Induction of Cardiomyocytes by Gene Transfer (p 1147)
Injecting three transcription factors into infarcted mouse hearts can convert fibroblasts into cardiomyocytes, report Ingawa et al.
After a myocardial infarction, fibroblasts in the heart proliferate and form a tough fibrous scar. Unfortunately, in the long-term this immediate wound response can have detrimental effects on the heart. Scarring leads to reduced contractility and elasticity, forcing the heart to work harder. This can ultimately lead to heart failure and death. But what if there was a way to convert the scar tissue into functional cardiomyocytes? A number of recent reports suggest that this might in fact be possible. Inagawa et al, for example, found that injecting infarcted mouse hearts with retroviruses containing three transcription factors—Gata4, Mef2a and Tbx5—could convert a small percentage of the fibroblast cells into cells that expressed cardiomyocyte proteins. The team did not investigate whether the converted cells exhibited cardiomyocyte function, or indeed conveyed improved heart function in the mice—because the cell conversion rates were too low to provide meaningful results. However, the study does provide preliminary support for the concept of direct in vivo cell conversion. This proof-of-principle work can be built upon in the future to develop better regenerative approaches to heart repair.
eNOS Prevents Obesity (p 1176)
Could we really eat what we want and stay thin? A study by Sansbury et al reveals that boosting levels of eNOS prevents obesity in over-fed mice.
Endothelial nitric oxide synthase (eNOS) is an enzyme that produces the potent vasodilator nitric oxide. In humans, impaired vasodilation and insulin resistance are both associated with obesity, while in animal models, a lack of eNOS induces insulin resistance and impairs fat metabolism. What hasn’t been clear, however, was whether an increase of eNOS could enhance fat metabolism and perhaps even prevent obesity and insulin resistance. Sansbury et al examined genetically engineered mice that over-express eNOS and found that when given a high-fat diet, the animals gained only about half as much weight as their wildtype counterparts. The svelte engineered mice were eating the same amount, even exercising the same amount, but burning more fat. They maintained a higher baseline metabolic activity and their fatty tissues did not show the adipocyte expansion seen in wildtype animals. Instead the mice showed a significant increase in the number and activity of mitochondria in the adipose tissue. The high fat diet did induce insulin resistance in both the engineered and wildtype mice, however. Further insight into the pathways affected by eNOS could aid the development of anti-obesity therapies, suggest the authors.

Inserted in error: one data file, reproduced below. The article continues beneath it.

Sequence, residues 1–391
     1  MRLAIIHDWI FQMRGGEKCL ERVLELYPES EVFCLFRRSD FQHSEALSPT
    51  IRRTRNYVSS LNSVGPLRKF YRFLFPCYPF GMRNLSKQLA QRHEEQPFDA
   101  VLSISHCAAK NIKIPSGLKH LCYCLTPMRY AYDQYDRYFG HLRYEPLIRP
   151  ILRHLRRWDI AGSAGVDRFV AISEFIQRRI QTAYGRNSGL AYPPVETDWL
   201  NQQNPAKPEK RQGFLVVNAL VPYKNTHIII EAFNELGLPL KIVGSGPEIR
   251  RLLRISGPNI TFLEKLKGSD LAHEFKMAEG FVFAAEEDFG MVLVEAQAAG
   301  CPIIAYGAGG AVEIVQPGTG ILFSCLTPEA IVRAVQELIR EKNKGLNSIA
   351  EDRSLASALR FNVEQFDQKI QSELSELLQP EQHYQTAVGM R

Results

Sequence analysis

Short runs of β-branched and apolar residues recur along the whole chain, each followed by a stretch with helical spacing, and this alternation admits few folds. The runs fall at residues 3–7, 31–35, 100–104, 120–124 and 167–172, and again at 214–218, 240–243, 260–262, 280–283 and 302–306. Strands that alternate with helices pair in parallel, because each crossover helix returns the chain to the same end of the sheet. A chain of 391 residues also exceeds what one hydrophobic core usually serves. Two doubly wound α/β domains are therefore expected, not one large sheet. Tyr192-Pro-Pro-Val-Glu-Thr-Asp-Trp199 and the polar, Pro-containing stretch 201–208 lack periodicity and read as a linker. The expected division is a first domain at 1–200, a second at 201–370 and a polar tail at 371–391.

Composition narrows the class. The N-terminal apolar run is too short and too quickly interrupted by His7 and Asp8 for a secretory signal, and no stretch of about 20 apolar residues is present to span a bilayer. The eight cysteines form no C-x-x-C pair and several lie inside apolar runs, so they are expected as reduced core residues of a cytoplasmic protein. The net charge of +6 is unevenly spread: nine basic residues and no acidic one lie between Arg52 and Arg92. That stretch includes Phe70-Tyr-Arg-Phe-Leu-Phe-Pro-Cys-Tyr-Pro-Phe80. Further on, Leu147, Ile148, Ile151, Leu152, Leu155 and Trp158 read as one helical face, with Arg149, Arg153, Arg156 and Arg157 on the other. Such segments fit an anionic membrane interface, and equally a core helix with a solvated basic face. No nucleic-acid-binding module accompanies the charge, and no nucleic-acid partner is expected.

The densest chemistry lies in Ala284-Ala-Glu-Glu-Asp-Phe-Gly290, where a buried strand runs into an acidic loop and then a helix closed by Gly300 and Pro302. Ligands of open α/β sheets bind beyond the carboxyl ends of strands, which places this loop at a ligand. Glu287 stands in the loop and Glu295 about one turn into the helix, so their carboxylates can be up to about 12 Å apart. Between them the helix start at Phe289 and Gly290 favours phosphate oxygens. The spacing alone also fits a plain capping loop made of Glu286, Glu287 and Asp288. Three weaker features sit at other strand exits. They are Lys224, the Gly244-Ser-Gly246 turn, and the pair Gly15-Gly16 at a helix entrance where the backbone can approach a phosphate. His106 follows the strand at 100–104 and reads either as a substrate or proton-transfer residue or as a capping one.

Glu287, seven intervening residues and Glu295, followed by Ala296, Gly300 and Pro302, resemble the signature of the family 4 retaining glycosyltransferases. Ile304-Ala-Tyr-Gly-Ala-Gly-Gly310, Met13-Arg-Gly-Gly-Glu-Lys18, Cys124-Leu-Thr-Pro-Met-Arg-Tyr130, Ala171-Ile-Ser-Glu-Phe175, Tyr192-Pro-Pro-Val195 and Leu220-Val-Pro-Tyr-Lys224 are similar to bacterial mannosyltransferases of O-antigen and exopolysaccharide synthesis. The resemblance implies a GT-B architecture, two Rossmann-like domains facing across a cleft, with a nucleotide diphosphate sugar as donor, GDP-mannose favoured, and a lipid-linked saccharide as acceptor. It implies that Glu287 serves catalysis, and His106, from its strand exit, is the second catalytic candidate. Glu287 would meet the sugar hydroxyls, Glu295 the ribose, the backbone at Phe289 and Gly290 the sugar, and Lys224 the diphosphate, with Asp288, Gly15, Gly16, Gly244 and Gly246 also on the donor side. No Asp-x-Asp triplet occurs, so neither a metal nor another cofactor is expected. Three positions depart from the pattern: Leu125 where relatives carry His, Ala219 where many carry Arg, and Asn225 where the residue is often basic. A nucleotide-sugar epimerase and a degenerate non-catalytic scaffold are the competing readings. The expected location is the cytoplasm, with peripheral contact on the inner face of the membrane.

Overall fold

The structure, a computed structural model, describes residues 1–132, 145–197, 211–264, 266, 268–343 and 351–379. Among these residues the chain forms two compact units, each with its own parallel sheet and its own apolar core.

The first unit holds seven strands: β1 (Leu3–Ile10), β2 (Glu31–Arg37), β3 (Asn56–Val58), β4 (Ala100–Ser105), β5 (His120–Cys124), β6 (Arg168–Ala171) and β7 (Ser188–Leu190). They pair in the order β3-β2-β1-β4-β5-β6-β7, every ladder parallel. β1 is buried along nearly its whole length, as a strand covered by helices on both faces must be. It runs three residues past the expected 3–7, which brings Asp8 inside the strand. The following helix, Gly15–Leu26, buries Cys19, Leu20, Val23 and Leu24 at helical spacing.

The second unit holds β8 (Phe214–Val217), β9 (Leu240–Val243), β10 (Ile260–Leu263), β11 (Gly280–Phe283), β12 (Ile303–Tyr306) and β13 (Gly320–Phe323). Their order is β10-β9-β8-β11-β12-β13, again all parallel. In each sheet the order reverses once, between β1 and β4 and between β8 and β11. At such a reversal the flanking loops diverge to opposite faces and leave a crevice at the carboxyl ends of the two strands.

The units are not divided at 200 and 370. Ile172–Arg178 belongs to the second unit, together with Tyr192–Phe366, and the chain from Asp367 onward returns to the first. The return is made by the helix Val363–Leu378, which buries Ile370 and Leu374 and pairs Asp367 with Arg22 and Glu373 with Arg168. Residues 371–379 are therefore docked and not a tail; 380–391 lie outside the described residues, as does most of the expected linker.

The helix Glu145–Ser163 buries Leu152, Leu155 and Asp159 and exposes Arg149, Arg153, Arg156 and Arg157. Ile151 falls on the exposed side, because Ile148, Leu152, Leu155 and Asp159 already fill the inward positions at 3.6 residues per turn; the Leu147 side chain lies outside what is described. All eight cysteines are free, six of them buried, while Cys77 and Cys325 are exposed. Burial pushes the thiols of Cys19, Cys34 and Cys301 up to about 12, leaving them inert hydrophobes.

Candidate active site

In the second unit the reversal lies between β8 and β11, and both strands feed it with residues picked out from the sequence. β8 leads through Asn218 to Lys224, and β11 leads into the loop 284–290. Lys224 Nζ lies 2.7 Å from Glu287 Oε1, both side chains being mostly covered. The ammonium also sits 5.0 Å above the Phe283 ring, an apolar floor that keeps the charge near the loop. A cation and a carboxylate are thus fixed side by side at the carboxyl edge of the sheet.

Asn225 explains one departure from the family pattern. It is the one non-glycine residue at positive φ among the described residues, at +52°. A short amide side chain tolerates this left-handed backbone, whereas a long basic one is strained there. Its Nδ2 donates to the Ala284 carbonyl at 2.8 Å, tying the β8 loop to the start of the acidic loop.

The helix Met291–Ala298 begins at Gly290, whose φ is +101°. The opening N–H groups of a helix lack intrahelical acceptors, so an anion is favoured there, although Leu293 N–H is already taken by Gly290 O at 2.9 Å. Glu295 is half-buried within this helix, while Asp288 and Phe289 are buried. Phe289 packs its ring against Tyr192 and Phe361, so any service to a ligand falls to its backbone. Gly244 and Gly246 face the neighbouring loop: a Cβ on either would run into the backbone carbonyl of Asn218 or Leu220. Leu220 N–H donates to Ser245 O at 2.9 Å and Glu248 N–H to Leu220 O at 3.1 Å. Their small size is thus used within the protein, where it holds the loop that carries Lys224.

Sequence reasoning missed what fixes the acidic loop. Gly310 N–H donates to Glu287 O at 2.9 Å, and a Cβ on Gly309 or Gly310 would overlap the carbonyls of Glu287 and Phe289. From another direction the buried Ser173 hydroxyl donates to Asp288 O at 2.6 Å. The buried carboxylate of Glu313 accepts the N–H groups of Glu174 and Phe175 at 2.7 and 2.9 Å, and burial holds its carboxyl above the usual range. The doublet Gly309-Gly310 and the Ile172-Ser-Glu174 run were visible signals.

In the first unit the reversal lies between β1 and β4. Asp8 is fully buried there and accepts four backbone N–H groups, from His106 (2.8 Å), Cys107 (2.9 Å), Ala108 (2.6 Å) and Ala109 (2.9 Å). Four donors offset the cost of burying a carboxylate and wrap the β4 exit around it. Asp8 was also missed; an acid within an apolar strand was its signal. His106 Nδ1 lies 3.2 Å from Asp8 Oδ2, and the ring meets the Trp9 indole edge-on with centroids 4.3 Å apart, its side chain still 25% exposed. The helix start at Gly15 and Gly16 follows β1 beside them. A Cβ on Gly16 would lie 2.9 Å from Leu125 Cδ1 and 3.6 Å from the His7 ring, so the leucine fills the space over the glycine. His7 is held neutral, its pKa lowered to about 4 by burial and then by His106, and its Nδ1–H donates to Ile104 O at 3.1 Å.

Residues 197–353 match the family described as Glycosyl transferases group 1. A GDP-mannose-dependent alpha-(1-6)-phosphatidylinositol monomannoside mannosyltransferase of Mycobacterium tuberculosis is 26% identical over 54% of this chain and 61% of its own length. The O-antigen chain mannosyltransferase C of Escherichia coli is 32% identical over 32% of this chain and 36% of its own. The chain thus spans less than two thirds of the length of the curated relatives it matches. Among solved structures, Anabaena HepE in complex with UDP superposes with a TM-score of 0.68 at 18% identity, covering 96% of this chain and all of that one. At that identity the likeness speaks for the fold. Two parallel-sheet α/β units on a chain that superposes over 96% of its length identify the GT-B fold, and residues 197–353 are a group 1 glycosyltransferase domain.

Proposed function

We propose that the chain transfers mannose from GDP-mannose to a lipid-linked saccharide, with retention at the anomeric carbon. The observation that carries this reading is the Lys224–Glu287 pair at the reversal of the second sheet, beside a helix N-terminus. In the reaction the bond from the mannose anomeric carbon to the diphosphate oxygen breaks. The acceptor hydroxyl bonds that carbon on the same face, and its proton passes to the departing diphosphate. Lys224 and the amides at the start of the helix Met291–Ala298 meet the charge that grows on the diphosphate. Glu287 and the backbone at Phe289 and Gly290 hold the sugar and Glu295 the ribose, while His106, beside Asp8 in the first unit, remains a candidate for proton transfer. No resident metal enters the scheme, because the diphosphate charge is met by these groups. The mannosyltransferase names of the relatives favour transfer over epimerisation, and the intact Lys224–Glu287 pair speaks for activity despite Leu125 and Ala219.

Neuro-immune Modulation is Pro-inflammatory in SHR (p 1190)
Harwani et al discover the innate immune system is abnormally sensitized to be pro-inflammatory in a rat model of hypertension.
Although inflammation has long been implicated in the development and maintenance of hypertension in humans and animals, studies have focused on the adaptive arm of the immune system. Whether the innate immune system is involved, and if so how, remain unknown. Harwani et al now show that in a rat model of hypertension, where the animals spontaneously develop hypertension as they age, the innate immune system is primed to be proinflammatory even before hypertension develops. Interestingly, although the neurohormonal modulators angiotensin II and nicotine have been reported to have opposing effects on innate immunity, both were strongly proinflammatory and exacerbated the activation of the innate immune system in the model rats. In wildtype rats, on the other hand, nicotine was anti-inflammatory, suppressing the innate response as expected. The team also found the model rats had an abundance of activated macrophages, which became yet more abundant in response to nicotine. Conversely, in the wildtype animals macrophage numbers remained low. The results suggest activation of innate immunity is a pathogenic mechanism in hypertension, and thus offer new inroads for studying, and potentially treating, the disorder.
- © 2012 American Heart Association, Inc.